Buttigieg Calls for Pay Equity During Visit to Birmingham

 1500049258 
1575466364
Andrew Yeager, WBHM

Democratic Presidential candidate Pete Buttigieg speaks with Jefferson County Commissioner Sheila Tyson following a meeting of community leaders in Birmingham on December 4, 2019.

Democratic presidential candidate Pete Buttigieg spoke about economic and racial inequality at a community leaders meeting in Birmingham Wednesday. Buttigieg fielded questions from government officials and nonprofit leaders at the meeting, only a portion of which was observed by the media.

Buttigieg expressed support for raising the federal minimum wage to $15 an hour, paid parental leave policies and increasing union membership. The South Bend, Indiana, mayor says rural areas need investment as well, such as with broadband internet access. He says immigration plays a role, too.

“If we want a population growth strategy in rural America, let’s welcome new Americans,” Buttigieg said.

Jefferson County Commissioner Sheila Tyson pressed Buttigieg on how he would ensure his policies would benefit African Americans and not just the white community. Buttigieg proposed increased enforcement against wage discrimination, which he says would help cut the pay gap for black workers. He says more minority-owned businesses need access to loans.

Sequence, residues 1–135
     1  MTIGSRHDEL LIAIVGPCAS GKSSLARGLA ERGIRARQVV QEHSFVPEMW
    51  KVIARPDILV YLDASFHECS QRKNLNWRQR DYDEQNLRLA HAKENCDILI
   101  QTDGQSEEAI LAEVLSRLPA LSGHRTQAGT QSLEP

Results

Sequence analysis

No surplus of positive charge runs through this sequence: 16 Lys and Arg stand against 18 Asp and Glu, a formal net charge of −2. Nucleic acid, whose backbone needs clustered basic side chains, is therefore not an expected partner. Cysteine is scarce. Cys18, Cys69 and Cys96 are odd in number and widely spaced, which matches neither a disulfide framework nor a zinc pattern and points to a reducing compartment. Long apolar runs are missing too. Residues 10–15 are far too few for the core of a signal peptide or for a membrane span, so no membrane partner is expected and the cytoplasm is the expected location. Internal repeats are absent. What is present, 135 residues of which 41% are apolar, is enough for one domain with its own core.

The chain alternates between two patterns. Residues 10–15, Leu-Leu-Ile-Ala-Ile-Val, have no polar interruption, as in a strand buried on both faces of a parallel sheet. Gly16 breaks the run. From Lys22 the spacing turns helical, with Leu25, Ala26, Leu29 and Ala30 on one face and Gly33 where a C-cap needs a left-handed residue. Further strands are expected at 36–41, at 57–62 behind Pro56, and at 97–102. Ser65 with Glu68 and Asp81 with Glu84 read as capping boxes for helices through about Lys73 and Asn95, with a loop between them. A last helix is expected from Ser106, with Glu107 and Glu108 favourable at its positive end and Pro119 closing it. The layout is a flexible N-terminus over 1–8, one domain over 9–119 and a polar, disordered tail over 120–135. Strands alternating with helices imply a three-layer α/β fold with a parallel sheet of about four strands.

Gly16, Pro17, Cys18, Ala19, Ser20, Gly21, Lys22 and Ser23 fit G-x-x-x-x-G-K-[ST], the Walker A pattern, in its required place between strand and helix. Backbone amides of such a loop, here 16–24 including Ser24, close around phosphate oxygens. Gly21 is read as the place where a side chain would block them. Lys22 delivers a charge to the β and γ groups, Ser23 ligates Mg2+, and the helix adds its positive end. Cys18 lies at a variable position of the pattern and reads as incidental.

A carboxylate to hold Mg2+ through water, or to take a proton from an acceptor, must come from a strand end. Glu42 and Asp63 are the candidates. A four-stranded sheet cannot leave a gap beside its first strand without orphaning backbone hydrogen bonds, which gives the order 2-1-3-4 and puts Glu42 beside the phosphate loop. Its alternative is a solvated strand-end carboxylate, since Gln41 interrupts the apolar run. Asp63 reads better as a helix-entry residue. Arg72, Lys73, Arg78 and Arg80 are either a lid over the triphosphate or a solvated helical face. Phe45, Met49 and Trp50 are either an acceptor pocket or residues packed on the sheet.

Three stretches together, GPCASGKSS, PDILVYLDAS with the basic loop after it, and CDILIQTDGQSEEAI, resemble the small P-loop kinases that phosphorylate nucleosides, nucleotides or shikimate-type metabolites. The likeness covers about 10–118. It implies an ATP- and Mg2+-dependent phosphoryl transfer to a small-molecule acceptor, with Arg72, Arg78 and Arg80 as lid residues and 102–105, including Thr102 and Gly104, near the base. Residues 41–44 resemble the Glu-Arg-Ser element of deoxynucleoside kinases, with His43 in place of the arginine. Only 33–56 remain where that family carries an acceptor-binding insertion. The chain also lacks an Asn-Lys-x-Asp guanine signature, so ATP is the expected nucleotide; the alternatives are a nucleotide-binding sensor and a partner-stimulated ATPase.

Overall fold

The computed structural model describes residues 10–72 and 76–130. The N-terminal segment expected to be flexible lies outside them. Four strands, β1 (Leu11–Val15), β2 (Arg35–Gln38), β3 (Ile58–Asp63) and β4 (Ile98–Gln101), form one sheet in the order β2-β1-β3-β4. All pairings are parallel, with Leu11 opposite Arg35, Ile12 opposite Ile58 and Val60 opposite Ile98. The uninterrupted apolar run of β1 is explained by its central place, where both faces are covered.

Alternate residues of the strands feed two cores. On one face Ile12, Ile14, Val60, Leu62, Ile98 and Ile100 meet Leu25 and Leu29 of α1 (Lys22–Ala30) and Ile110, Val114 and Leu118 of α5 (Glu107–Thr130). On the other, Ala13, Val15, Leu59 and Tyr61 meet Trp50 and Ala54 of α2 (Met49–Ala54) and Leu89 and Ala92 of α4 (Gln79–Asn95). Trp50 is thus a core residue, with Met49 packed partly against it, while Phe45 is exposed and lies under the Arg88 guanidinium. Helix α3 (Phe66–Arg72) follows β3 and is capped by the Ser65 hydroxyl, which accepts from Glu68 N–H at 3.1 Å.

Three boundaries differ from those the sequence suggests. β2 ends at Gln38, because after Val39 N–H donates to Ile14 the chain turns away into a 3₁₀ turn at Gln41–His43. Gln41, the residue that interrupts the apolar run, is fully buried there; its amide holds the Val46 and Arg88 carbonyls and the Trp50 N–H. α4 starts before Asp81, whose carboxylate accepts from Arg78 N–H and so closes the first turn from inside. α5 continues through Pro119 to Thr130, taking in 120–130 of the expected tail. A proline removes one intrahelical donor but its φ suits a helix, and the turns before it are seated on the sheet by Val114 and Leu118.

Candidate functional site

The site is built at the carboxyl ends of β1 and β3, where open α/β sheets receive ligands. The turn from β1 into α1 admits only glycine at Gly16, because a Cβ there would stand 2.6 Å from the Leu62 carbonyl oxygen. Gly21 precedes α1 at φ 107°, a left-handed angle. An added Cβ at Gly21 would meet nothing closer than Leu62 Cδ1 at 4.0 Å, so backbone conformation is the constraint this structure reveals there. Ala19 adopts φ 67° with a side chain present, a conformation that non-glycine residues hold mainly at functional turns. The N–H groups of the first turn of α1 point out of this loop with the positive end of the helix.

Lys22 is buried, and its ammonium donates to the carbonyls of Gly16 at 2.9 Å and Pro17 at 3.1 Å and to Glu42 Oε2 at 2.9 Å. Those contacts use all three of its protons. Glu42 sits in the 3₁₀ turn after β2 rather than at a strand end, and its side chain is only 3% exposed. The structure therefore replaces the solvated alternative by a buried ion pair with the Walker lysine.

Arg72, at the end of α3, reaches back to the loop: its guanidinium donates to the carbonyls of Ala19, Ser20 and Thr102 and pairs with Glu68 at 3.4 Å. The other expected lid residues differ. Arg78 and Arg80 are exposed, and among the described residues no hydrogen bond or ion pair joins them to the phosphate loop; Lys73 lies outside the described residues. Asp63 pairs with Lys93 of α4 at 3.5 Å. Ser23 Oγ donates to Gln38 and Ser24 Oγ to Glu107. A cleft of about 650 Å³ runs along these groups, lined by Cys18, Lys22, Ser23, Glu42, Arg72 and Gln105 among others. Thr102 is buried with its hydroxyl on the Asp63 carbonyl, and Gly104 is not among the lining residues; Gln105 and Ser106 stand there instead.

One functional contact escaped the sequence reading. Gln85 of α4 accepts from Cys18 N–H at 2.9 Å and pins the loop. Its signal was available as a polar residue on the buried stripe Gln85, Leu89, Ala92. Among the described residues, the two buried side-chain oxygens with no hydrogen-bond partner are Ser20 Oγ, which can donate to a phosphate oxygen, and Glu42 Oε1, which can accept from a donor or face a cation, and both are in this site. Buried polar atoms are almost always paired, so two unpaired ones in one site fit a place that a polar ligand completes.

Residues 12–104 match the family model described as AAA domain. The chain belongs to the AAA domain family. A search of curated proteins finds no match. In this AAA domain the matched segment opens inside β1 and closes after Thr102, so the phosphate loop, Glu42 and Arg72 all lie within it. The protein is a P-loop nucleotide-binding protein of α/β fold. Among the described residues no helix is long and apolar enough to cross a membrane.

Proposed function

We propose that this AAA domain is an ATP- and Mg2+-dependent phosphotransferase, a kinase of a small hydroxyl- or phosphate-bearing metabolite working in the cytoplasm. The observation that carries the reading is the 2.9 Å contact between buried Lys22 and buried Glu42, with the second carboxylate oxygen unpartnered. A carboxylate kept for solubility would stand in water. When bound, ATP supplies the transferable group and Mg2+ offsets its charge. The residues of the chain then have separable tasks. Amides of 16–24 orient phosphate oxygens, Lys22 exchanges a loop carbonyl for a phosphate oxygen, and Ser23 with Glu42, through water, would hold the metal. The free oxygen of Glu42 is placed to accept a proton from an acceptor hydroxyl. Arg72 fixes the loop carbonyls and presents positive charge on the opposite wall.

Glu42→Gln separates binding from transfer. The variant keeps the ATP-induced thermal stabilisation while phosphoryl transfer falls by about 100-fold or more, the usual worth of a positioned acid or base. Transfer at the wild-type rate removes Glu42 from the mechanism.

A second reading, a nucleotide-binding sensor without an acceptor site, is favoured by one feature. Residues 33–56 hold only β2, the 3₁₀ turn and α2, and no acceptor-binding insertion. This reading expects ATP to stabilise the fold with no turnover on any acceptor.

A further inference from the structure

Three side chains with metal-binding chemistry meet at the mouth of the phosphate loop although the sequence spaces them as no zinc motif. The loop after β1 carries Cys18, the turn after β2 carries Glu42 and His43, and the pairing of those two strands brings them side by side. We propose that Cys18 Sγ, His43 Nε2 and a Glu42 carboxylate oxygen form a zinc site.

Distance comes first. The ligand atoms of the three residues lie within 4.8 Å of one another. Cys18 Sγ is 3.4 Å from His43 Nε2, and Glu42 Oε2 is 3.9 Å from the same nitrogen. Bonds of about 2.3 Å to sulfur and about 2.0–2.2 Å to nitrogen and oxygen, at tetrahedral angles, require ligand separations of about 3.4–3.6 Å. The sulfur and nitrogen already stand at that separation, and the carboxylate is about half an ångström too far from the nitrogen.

Buttigieg encouraged engagement with those who oppose expanding the social safety net when they invoke religion and politics.

“Instead of ‘I was hungry and you fed me,’ it’s ‘we’re going to cut TANF (Temporary Assistance for Needy Families).’ Instead of ‘I was sick and you healed me,’ it’s ‘we’re not going to expand Medicaid,” Buttigieg said. “Let’s talk about the morality behind these decisions that are being made.”

The visit was part of a multi-day campaign swing through Southern states, which included a stop in Montgomery Tuesday. Polls have shown lackluster support for Buttigieg among black voters, a significant constituency in the Alabama Democratic primary.

More Elections 2020 Coverage

2020 Primary Runoff Voter Guide: Your Source Of Information For The July 14 Election

Alabama's Senate primary runoff is July 14. Check out these candidate profiles and what's on the ballot.

Alabama Republican Senate Contest Headed To A Runoff

The race for the Republican nomination for U.S. Senate is headed to a runoff. Former Attorney General Jeff Sessions and former Auburn University football coach Tommy Tuberville will face off March 31st.

Alabama Live Election Results

Follow for live election coverage of the Alabama primary elections.

NPR Live Coverage: 2020 Super Tuesday

Follow NPR's live coverage of the 2020 Super Tuesday contests, including results and analysis.

In Comeback Senate Bid, Jeff Sessions Backs Trump — Despite Public Falling-Out

Jeff Sessions is making a play for his old senate seat from Alabama, arguing he's the one who has Trump's back despite the president's disparaging remarks about his former attorney general.

BirminghamWatch 2020 Primary Voter Guide: Republican U.S. Senate Race Headlines March 3 Primaries In Alabama

The Alabama primary election is on Tuesday, March 3. And all seven Senate Republican candidates have shown basic agreement on the topics of immigration, taxes and the economy as well as social issues such as abortion, guns and health care.

More Elections 2020 Coverage